Natural language is a phrase that encompasses human communication. The way that people talk and the way words are used in everyday life are part of natural language. Processing this type of natural language is a difficult task for computers, as there are so many factors that influence the way that people interact with their environment and each other. The rules are few and far between, and can vary significantly based on the language in question, as well as the dialect, the relationship of the people talking, and the context in which they are having the conversation.

Natural language processing (NLP)  is a type of computational linguistics that uses machine learning to power computer-based understanding of how people communicate with each other. NLP leverages large data sets to create applications that understand the semantics, syntax, and context of a given conversation.

Natural language processing is an essential part of many types of technology, including voice assistance, chat bots, and improving sentiment analysis. NLP analytics empowers computers to understand human speech in text and/or written form without needing the person to structure their conversation in a specific way. They can talk or type naturally, and the NLP system interprets what they’re asking about from there.

Machine learning is a type of artificial intelligence that uses learning models to power its understanding of natural language. It’s based off of a learning framework that allows the machine to train itself on data that’s been input. It can use many types of models to process the information and develop a better understanding of it. It’s able to interpret both standard and out of the ordinary inquiries. Due to its continual improvements, it’s able to handle these edge cases without getting tripped up, unlike a strict rules-based system.

Natural language processing brings many benefits to an organization that has many processes that depend on natural language input and output. The biggest advantage of NLP technology is automating time-consuming processes, such as categorizing text documents, answering basic customer support questions, and gaining deeper insight into large text data sets.

Is Natural Language Processing Machine Learning?

It’s common for some confusion to arise over the relationship between natural language processing and machine learning. Machine learning can be used as a component in natural language processing technology. However, there are many types of NLP machines that perform more basic functionality and do not rely on machine learning or artificial intelligence. For example, a natural language processing solution that is simply extracting basic information may be able to rely on algorithms that don’t need to continually learn through AI.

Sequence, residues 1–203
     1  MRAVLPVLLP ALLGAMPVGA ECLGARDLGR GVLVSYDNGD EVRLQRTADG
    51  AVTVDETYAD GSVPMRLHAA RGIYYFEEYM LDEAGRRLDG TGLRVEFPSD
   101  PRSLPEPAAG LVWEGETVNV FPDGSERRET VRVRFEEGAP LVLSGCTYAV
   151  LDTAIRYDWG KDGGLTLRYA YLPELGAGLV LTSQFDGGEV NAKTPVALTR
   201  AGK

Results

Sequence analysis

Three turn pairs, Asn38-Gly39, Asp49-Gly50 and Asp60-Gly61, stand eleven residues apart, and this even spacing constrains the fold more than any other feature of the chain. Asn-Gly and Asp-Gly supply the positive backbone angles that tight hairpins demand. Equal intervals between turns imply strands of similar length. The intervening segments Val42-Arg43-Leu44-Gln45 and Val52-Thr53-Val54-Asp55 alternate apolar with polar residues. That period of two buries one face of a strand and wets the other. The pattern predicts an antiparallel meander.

For more complex applications of natural language processing, the systems are using machine learning models to improve their understanding of human speech. Machine learning models also make it possible to adjust to shifts in language over time. Natural language processing may be using supervised machine learning, unsupervised machine learning, both, or neither alongside other technologies to fuel its applications.

Machine learning can pick up on patterns in speech, identify contextual clues, understand the sentiment behind a message, and learn other important information about the voice or text input. Sophisticated technology solutions that require a high-level of understanding to hold conversations with humans require machine learning to make this possible.

Machine Learning vs. Natural Language Processing (NLP)

You can think of machine learning and natural language processing in a Venn diagram that has many pieces in the overlapping section. Machine learning has many useful features that help with the development of natural language processing systems, and both of them fall under the broad label of artificial intelligence.

Organizations don’t need to choose one or the other for development that involves natural language input or output. Instead, these two work hand-in-hand to tackle the complex problem that human communication represents.

Supervised Machine Learning for Natural Language Processing and Text Analytics

Supervised machine learning means that the system is given examples of what it is supposed to be looking for so it knows what it is supposed to be learning. In natural language processing applications and machine learning text analysis, data scientists will go through documents and tag the important parts for the machine.

It is important that the data fed into the system is clean and accurate, as this type of machine learning requires quality input or it is unable to produce the expected results. After a sufficient amount of training, data that has not been tagged at all is sent through the system. At that point, the machine learning technology will look at this text and analyze it based on what it learned from the examples.